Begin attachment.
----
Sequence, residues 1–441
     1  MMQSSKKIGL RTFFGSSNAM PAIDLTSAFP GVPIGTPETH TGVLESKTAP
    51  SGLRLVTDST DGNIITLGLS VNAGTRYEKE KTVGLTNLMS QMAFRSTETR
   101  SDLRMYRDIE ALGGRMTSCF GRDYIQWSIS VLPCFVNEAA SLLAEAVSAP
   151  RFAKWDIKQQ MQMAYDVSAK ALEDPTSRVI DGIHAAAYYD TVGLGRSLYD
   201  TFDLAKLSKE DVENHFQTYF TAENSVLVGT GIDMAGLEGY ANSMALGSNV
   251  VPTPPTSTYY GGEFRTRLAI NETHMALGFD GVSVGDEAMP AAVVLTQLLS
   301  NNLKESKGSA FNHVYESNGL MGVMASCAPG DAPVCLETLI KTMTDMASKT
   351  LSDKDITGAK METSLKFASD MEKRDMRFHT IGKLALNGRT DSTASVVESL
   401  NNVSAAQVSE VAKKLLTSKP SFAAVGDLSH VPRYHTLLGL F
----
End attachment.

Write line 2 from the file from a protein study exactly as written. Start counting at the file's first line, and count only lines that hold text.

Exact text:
     1  MMQSSKKIGL RTFFGSSNAM PAIDLTSAFP GVPIGTPETH TGVLESKTAP